The U.S. swimming team continued to rack up gold medals Monday night, as American Lilly King beat Russian Yulia Efimova in the 100-meter breaststroke.
Over the weekend, 19-year-old King had questioned why Efimova, who had served a 16-month suspension for using a banned substance, remained in the Olympic Games. Earlier this year, the Russian swimmer also failed a drug test for meldonium, although that decision was eventually overturned in the appeals process.
During the semifinals, the rivals taunted each other with finger wags.
— NBC Olympics (@NBCOlympics) August 9, 2016
But King had the final say. She bested Efimova in the 100-meter breaststroke, even breaking an Olympic record set by Australian swimmer Leisel Jones in 2008, The New York Times reported. King’s performance clocked in at 1:04.93, while Efimova’s was at 1:05.50. Efimova took silver. American Katie Meili took bronze.
After her win, King doubled down on her disapproval of Efimova’s inclusion in the games.
Video by NBC Sports
“I do stand by what I said yesterday, but I have to respect the [International Olympic Committee]’s decision that they made and swim my race like I planned and not let that affect me,” King said.
“I basically said what everybody’s thinking,” she added. “They were glad I spoke out and I had the guts to say that and I appreciate their support.”
USA Today’s Christine Brennan told the NewsHour yesterday that the “U.S. has probably given the world the two worst cheaters ever in Lance Armstrong and Marion Jones,” but that the Russian doping scandal was different.
“The big difference is that for Russia it was government-sponsored, state-sponsored doping,” she said. “The equivalent would be if a member of President Obama’s Cabinet ran a five-year doping plan in the United States involving the FBI, the CIA, U.S. Olympic Committee, and U.S. Anti-Doping Agency.”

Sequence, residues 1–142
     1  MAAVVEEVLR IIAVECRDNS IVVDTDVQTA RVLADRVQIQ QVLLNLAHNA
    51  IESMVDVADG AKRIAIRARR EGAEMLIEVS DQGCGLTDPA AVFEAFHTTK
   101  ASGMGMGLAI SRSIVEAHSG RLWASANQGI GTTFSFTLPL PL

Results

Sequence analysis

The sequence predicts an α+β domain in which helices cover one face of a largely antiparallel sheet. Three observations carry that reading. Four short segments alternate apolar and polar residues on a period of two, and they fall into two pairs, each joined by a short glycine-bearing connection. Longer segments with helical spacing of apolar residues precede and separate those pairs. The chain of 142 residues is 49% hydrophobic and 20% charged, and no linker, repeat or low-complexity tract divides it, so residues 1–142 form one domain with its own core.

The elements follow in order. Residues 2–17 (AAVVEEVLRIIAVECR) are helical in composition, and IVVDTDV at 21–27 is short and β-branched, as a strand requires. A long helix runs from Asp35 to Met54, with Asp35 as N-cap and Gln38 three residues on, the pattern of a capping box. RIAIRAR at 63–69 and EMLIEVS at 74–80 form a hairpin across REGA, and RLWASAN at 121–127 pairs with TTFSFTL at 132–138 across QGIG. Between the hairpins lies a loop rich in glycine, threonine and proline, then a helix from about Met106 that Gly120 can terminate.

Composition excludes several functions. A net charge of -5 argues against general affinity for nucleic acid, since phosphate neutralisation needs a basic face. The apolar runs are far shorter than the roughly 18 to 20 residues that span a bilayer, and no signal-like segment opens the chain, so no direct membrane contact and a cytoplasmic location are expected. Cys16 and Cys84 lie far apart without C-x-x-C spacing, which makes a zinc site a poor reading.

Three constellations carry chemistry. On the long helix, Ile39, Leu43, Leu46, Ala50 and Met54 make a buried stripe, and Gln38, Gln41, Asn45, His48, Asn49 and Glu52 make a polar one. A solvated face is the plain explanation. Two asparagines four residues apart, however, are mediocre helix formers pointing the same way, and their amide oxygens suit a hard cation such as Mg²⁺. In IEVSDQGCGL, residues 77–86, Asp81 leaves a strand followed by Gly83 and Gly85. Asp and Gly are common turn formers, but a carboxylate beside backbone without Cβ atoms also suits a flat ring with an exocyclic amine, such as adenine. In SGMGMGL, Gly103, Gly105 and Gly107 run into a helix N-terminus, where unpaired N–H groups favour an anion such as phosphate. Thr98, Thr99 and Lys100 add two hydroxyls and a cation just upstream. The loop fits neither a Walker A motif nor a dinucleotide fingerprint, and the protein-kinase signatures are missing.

To be sure, King didn’t mince words when it came to American athletes on the Olympic team who were also banned for drug offenses.
In other U.S. swimming wins, First-time Olympian Ryan Murphy took gold in the 100-meter backstroke.
OTHER NOTEWORTHY MOMENTS
On Monday night, Hungary’s Katinka Hosszu, known as the “Iron Lady,” added another gold medal to her collection in the 100-meter backstroke. The Washington Post made the argument why the world record-setting swimmer “is the most compelling character in the pool.”
— National Post (@nationalpost) August 9, 2016
Rafaela Silva won Brazil’s first gold medal in the games, beating Mongolia’s Sumiya Dorjsuren in the 57-kilogram division in women’s judo. The medal presentation ceremony was an emotional one for Silva, who, as The Washington Post pointed out, almost withdrew from the sport because of racism.
Video by NBC Sports
The Olympic Aquatics Stadium has repeatedly asked for silence from the Rio crowd, the Times reported. The crowd’s cheers has been a problem particularly for table tennis, a sport that prefers silence.